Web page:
LITTLE ROCK — An Arkansas law limiting lawsuits by inmates does not apply to criminal proceedings, the Arkansas Supreme Court said Thursday.
The state’s highest court made the statement in a ruling in the case of Jessie Hill, who was convicted of capital murder in Grant County Circuit Court in 1995.
Hill was sentenced to life in prison without possibility of parole in the slaying of Arbrady Moss. In 2016, Hill filed a petition seeking an order compelling the prosecuting attorney to turn over information from his case.
On May 12, 2016, Grant County Circuit Judge Chris Williams denied the petition and recorded that it counted toward the limit established under Arkansas Code Annotated 16-68-607.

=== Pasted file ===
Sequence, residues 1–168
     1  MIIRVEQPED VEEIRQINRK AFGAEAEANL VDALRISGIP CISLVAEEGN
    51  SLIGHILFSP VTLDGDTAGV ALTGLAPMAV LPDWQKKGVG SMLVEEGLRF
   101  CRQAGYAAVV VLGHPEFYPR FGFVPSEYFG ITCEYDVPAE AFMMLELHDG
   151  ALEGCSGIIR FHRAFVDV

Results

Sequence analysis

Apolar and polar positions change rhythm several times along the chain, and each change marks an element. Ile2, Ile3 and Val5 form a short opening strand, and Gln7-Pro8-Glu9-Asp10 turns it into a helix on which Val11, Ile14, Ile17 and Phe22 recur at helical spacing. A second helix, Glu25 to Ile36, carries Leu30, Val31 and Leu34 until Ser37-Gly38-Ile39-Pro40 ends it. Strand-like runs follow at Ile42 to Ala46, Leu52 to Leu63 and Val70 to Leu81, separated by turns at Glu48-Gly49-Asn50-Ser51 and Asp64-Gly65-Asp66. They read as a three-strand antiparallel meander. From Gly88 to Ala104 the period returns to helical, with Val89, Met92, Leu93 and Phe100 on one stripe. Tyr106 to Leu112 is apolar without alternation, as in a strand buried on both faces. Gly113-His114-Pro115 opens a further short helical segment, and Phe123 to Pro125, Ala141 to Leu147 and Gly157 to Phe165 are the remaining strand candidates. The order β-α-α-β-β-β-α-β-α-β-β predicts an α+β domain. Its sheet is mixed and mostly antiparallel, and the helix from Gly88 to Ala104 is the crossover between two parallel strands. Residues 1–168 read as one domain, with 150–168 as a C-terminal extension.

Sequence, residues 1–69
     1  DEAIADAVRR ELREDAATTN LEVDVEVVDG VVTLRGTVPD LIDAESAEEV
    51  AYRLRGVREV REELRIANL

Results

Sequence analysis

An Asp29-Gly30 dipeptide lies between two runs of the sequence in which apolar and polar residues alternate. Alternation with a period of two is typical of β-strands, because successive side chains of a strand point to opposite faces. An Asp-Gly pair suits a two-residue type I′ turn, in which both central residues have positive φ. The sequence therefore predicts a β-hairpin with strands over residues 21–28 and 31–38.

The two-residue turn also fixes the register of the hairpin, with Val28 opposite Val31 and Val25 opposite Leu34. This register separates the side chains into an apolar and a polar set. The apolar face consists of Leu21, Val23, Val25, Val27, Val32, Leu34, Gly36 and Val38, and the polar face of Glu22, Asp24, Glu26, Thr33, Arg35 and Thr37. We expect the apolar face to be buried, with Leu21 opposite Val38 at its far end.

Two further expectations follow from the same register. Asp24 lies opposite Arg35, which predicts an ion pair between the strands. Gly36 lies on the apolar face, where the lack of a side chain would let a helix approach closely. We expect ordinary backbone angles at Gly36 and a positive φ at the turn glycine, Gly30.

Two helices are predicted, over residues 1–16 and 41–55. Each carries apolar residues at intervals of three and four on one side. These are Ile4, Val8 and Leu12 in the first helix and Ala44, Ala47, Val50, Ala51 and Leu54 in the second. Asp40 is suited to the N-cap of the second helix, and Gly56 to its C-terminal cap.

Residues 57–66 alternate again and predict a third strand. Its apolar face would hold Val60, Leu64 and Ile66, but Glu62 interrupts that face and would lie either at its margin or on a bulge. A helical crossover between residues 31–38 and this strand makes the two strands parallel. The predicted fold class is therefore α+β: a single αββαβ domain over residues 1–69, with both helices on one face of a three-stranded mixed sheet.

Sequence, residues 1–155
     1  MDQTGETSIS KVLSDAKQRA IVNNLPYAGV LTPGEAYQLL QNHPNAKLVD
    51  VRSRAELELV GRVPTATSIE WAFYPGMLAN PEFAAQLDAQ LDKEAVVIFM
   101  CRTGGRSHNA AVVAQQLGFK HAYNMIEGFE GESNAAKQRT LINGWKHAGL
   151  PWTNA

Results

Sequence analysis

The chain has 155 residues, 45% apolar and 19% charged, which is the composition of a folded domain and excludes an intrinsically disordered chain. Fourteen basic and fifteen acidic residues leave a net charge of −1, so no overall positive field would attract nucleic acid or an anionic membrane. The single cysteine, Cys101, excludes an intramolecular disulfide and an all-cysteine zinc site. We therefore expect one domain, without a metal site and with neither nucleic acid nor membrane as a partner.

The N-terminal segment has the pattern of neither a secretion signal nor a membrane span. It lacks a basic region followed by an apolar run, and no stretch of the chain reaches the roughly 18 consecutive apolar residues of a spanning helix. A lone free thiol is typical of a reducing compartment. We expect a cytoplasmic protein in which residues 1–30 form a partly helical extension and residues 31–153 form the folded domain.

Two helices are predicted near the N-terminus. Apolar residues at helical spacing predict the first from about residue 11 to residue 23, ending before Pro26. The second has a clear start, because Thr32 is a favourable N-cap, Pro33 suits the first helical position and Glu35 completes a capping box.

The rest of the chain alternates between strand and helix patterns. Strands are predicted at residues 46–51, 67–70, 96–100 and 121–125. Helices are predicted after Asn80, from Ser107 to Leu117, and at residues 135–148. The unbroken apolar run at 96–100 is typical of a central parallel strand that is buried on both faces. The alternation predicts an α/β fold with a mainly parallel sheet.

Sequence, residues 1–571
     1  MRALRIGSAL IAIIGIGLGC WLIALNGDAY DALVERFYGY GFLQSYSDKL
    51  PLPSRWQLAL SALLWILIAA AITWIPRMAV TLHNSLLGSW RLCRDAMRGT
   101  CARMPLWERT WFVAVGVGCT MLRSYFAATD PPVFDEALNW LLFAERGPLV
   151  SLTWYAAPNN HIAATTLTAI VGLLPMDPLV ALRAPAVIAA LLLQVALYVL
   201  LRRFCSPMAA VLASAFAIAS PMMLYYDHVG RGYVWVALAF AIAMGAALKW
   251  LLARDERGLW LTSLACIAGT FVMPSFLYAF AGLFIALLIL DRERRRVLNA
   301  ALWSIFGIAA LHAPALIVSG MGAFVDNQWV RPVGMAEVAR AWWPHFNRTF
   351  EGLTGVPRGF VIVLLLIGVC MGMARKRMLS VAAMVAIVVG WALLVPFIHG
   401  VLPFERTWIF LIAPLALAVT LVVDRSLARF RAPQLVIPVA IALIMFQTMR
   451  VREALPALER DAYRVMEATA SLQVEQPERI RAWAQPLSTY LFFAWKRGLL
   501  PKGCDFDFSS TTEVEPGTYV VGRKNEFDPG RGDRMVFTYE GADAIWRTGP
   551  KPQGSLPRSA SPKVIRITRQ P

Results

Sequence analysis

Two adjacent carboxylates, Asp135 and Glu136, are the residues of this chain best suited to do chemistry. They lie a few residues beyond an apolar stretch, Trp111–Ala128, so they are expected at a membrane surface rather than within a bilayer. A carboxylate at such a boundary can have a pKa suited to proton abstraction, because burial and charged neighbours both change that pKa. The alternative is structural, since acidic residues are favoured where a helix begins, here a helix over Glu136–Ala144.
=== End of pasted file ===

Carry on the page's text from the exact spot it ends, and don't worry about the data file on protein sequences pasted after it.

The law states, “In no event shall an incarcerated person bring a civil action or appeal a judgment in a civil action or proceeding under the Arkansas indigency statutes if the incarcerated person has on three or more prior occasions, while incarcerated or detained in any facility, brought an action that is frivolous, malicious, or fails to state a claim upon which relief may be granted, unless the incarcerated person is under imminent danger of serious physical injury.”
On May 24, 2016, Hill filed a motion seeking a stay of the judge’s ruling and reconsideration of it. Williams denied that motion and counted it as a second strike under the law.
The Supreme Court said in a unanimous opinion Thursday the law clearly “does not apply in criminal proceedings.” Williams’ findings that the filings counted as strikes under the law are void, the court said.